Pay attention to high-risk conditions :
Certain conditions are prone to lead to the development of a callus and are more “callus risk”. These have to be given special attention and measures have to be taken to negate them and their effects as much as possible for callus treatment.
These conditions are :
1. Hammertoe :
Hammertoe is a condition in which one of the toes are bent more at their joints which makes them more curved. This naturally places more force on these toes leading to the development of a callus. They mostly arise due to prolonged periods of wearing tight-fitting shoes that constantly constrict the toes forcing them into a bent position.
Similar conditions are claw toe and mallet toe. They all pose more callus risk
Correction: Use of a brace to correct the condition. Physical therapy. Use shoes with spacious toe boxes. In long-standing conditions, surgery may be the treatment of choice.
2. Bunion :
Bunion is a condition in which the joint connecting the big toe to the foot becomes large and the big toe is pushed inwards. This, in turn, pushes on the other toes of the foot. The bunion is a bony prominence and hence it produces excess pressure and friction due to constant rubbing and leads to callus formation increasing callus risk.
Correction: Use of devices or splints that correct the condition. These are mostly throughout the night. Sometimes surgical therapy might be needed.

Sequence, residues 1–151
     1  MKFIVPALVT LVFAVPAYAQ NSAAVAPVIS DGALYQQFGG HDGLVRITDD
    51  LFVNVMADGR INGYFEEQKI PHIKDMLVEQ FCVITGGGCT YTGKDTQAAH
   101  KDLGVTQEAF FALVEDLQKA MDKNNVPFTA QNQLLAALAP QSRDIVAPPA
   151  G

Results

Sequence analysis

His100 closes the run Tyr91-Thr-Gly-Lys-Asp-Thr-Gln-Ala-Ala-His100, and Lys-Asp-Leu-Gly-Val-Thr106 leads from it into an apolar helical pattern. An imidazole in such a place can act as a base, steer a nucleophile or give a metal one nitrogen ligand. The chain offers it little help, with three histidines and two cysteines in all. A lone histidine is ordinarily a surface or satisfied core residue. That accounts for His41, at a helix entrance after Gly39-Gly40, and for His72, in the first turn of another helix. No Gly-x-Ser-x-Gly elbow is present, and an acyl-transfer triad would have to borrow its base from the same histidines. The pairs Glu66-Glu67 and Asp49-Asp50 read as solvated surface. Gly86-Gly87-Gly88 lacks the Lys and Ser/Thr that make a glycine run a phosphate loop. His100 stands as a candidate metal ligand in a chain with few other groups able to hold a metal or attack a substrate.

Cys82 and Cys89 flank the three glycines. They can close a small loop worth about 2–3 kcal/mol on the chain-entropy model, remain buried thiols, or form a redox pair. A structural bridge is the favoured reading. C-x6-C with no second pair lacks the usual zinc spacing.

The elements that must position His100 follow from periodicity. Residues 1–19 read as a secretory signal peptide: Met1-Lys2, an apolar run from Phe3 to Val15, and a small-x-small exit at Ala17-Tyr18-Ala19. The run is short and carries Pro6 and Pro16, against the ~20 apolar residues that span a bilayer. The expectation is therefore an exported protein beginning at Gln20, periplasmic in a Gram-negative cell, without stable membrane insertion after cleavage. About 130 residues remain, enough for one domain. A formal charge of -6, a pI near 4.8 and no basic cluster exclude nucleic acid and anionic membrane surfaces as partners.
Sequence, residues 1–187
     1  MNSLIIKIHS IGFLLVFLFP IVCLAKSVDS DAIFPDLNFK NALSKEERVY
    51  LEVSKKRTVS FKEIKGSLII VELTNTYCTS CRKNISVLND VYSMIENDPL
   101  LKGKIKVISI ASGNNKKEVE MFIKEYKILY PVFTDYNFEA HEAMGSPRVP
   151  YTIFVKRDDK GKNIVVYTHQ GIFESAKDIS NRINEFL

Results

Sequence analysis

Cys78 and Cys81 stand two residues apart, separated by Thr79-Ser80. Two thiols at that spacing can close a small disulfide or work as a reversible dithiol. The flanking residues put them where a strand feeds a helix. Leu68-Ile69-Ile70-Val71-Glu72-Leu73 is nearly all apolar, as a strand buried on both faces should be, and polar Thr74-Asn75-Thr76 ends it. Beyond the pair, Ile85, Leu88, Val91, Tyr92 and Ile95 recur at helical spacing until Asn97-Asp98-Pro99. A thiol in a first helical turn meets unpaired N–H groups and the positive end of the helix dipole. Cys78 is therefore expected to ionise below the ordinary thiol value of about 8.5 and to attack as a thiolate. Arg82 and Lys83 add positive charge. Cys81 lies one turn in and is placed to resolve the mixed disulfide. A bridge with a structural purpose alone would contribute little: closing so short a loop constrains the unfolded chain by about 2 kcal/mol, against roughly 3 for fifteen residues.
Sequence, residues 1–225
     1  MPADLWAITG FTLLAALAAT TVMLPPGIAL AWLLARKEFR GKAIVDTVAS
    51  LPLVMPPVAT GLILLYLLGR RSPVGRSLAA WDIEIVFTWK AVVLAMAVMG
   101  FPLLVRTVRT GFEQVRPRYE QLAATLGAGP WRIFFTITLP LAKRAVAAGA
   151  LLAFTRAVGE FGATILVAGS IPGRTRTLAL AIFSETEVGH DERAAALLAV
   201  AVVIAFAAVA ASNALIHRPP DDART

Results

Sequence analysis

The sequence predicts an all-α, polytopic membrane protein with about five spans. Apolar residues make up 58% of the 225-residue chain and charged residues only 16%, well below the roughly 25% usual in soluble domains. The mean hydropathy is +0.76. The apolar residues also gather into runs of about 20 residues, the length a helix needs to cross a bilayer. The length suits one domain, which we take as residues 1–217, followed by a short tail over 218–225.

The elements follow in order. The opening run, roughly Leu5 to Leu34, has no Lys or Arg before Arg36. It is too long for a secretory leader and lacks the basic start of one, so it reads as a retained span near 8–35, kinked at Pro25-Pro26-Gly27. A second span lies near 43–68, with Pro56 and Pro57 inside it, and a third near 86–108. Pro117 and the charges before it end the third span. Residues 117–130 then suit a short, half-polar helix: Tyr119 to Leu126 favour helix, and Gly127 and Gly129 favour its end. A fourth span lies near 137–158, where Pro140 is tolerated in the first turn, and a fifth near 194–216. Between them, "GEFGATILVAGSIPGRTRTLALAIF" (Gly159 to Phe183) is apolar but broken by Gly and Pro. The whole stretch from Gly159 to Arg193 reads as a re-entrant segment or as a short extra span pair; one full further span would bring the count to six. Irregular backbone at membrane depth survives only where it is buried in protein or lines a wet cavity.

3. High arches :
A high arched foot will place more pressure on the heel and ball of a foot. This constant pressure and friction will lead to the development of a callus. This increases callus risk.
Correction: Orthotic devices, shoe modifications, and braces constitute the non-surgical therapy. Surgery is preferred when these options do not produce a significant improvement in pain and stability.
4. Flat foot :
The opposite of high arch in which the foot is not arched enough. This can be tested and found out by making your feet wet and standing on a surface to see your print. Again, increase in callus risk.
Correction: Orthotic devices, shoe modifications, braces and physical exercises are the non-surgical therapies that help to correct it. Surgery can also be opted.
Consult a podiatrist :
A podiatrist is a person who studies the foot, ankle and lower extremities. In cases where self-treatment does not provide the necessary results, a podiatrist can help to properly diagnose the condition identify the cause and provide a working treatment plan that can rectify the condition. Making custom orthotic devices and other treatment options will be areas where the podiatrist can provide a better guide.